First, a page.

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bitsdoo 08-20-2010 09:37 AM

Dishwasher install...with a twist ;)
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Alright, here goes. First things first I did a search and could not find my situation so I'm starting a new thread. Doing a kitchen reno and in that replaced the dishwasher (herein DW). To make things more accessible incase there is trouble down the road I want to change the plumbing. The old DW plumbing was typical, drain going to the sink plumbing and tied in with a DW tee. DW supply also came off the sink plumbing.

Where the DW will sit is directly above my furnace room, and the point of entry of all water and the main drain/stack. I want to plumb the supply from the basement (no problem here) and tie the DW drain in to the basement as well. I've included a diagram (which is attached) of what I want to do. I think I've included all pertinant info, if you need anything else just let me know. The house is a 4 level sidesplit, with the kitchen being directly above the lowest/basment floor. Obviously there is more plumbing but it is irrelevant (IMHO).

Please provide feedback on this install, am I up to code? Do we see any issues with the plumbing and if so what do I need to change.The new plumbing is circled.

Thanks in advance for all your help.

jc60618 08-20-2010 08:25 PM

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The trap closer to stack is not allowed by most codes its considered a running trap and its not vented. With that trap there, you will be double trapping the kitchen sink and cause it do drain slow. Another issue you might have is if you have a clog on the suspended line you might have trouble going thru the P trap and down the line when rodding. Finally the tail piece (drop pipe going into p trap) must be less that 24". Below is how we usually pipe kitchens with a DW.

bitsdoo 08-22-2010 10:54 AM

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jc60618, thanks for the reply. My only problem is I can't get to the vent that easy as it is in the wall behind the cabinets. Drop pipe will be less than 24", why does it have to be less than 24" long?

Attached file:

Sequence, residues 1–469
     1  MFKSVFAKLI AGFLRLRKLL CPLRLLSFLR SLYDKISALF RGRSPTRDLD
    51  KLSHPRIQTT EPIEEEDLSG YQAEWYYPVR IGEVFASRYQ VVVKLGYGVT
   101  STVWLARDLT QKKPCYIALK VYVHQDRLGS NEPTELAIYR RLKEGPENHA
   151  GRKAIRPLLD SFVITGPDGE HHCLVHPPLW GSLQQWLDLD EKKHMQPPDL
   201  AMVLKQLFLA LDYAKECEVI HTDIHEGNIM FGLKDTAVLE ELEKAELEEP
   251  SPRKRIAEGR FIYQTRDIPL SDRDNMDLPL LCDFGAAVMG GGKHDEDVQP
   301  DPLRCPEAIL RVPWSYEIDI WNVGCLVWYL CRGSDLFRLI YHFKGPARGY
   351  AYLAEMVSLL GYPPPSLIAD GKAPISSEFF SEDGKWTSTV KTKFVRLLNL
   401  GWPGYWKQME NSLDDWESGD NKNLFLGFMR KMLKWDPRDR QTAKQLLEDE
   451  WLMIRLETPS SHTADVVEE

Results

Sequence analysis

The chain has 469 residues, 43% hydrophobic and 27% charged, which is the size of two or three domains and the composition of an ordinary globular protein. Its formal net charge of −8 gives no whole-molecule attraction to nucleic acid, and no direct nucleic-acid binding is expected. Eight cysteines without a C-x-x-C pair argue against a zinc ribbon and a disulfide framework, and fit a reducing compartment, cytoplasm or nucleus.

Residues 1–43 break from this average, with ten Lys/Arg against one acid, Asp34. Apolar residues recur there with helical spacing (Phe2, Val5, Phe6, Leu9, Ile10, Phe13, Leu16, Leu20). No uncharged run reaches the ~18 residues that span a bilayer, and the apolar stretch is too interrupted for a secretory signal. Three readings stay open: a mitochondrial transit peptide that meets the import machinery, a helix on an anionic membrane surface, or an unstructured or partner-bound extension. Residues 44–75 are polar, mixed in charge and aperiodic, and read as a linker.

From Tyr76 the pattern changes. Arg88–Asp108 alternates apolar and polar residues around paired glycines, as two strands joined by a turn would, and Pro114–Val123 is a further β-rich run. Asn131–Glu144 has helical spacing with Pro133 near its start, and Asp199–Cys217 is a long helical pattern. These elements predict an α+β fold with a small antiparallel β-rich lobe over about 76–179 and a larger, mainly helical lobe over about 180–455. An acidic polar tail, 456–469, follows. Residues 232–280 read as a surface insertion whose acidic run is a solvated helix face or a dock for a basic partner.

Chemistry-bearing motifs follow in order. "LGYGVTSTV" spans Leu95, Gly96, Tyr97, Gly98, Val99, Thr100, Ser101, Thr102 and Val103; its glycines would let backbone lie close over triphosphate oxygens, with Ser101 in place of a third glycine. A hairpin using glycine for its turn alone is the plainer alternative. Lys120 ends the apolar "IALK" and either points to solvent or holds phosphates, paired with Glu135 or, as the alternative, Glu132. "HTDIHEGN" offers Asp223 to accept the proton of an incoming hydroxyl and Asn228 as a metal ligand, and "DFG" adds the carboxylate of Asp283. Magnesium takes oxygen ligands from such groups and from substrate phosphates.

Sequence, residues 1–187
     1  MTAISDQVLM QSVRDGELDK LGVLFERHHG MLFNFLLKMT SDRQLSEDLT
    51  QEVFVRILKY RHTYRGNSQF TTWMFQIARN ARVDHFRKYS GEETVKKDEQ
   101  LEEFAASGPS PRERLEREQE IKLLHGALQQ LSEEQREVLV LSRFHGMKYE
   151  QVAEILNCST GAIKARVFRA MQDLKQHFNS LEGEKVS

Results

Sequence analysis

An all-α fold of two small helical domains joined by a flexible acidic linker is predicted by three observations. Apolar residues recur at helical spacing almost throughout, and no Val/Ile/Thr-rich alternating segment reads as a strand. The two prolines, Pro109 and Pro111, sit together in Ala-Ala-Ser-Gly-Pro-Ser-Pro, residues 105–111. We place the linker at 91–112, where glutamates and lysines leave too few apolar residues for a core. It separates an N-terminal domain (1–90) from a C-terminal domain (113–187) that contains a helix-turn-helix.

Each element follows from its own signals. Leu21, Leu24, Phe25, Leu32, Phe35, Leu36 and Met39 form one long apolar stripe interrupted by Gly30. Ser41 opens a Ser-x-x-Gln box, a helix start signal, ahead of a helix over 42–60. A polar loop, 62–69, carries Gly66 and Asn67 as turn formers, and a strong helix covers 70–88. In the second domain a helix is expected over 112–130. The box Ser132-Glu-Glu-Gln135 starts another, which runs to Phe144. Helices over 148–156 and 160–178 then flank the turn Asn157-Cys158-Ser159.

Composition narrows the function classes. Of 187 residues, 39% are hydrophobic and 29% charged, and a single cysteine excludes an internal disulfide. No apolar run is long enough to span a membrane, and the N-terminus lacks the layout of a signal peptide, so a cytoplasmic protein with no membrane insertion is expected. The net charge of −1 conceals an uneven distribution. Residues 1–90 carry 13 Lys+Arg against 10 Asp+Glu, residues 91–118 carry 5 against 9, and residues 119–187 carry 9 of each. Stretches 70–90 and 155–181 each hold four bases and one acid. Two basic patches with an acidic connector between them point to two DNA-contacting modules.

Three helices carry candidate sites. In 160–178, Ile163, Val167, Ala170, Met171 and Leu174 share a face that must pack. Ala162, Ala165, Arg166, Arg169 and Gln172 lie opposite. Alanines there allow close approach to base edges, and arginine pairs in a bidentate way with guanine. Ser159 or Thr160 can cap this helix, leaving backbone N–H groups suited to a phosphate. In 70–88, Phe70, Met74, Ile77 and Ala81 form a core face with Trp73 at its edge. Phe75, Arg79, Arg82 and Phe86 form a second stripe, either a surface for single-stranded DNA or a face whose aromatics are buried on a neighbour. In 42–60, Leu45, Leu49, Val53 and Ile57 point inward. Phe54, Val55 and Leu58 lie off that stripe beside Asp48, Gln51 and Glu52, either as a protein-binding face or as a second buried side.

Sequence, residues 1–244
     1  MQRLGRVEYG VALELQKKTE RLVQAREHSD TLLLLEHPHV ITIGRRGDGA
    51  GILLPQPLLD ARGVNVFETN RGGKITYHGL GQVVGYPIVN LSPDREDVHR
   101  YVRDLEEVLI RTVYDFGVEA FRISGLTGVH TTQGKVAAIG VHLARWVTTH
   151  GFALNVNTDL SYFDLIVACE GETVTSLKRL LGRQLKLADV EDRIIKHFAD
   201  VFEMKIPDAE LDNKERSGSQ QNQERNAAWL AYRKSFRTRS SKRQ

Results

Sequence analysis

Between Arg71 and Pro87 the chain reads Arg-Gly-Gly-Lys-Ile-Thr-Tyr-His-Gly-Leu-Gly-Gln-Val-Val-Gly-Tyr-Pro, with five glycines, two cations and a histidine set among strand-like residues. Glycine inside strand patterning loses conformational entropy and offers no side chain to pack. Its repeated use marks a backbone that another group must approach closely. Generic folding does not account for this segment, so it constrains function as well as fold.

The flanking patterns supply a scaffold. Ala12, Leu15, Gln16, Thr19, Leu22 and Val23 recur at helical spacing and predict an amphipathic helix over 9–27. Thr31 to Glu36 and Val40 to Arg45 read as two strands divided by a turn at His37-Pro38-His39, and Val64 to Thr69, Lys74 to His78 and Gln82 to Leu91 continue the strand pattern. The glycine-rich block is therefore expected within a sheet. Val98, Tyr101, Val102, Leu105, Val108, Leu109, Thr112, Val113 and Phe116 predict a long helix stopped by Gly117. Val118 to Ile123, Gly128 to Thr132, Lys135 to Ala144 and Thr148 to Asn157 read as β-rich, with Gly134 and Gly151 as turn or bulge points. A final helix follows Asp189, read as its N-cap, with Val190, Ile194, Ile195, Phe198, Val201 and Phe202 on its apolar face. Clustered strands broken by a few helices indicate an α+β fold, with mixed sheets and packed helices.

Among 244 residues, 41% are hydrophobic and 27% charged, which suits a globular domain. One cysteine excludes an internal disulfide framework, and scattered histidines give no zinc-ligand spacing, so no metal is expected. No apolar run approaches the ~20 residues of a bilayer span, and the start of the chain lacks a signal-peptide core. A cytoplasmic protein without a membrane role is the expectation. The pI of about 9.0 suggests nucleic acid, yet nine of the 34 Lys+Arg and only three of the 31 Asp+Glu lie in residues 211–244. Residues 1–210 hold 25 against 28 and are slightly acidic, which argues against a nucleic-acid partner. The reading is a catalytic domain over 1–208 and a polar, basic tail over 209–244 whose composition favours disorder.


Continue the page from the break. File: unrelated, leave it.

I've revised my drawing to move the trap to the DW take off, thus removing the existing running trap. I don't see any issues with doing it the way I have it, anyone see any issues with this install?


the_man 08-22-2010 12:46 PM

In my code you cannot drain a fixture into a trap not on the same floor. Laundry drain trap must be on the same floor, and condensate drains cannot be in a crawlspace. You would have to extend the drain into the space w/ the dw and properly vent it thru the roof

jc60618 08-22-2010 01:08 PM

You are now creating an s-trap and the trap will siphon itself out.

TheEplumber 08-22-2010 02:49 PM

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I'm curious, why not plumb it back to the sink?

the_man 08-22-2010 02:53 PM


Originally Posted by TheEplumber (Post 489541)
I'm curious, why not plumb it back to the sink?

I agree, but the sink plumbing doesn't look right either, i'm really hoping the trap isn't downstairs for that too

bitsdoo 08-22-2010 03:50 PM

Thanks for the help folks.

The sink trap is just below the floor (literally 2" under the floor in the joists). Its right at the connection to the vent. I can see it from the basement in the furnace room up in the ceiling.

I wanted to avoid running the drain under the cabinets because I'm putting a marble tile counter top on and once it goes on I can't take it off. Also the DW drain hose will have a connection as the distance to the DW from the sink is approx. 8 feet, I'm conerned about having this connection buried behind the new cabinet install, if it starts to leak I'm screwed.:( This is why I wanted to do it in the basement furnace room where I can get to everything easily if there was ever a problem.

Bottom line is can I avoid having to put in another vent if I run the DW plumbing as I've described. Otherwise, I'll plumb to the sink and hope all the connections don't cause me grief down the road.

The drain hose that came with the DW is shotty at best, is there anything I can do to "upgrade it". Maybe just use a long length of 1" rubber hose and tie in at the DW.

Thanks for all your help folks.


the_man 08-22-2010 03:57 PM

Yea you can buy 5/8 or 7/8 hose at the hardware store by the foot. It'll be a bit expensive, but you don't want joints in it... that's what will generally leak. You can drill holes in the very back of the cabinets to run the lines, keeps them out of the way but fairly easy to get to if you need to

Jacques 08-25-2010 06:37 AM

most installers do what THE MAN said, run fill and drain through through bottom drawer of cab at rear and make your loop under sink. don't run at top ..don't buy cheap drain hose-kinks easily and causes many problems after awhile of use...some d/w have a formed curve in their drain hose off pump-if yours does, you'll be better off just adding an approved extension to the end of that hose [avail at local appl parts distrb']..remember- this unit may have to be pulled for service so you don't want a lot of drama if that happens-$$$.

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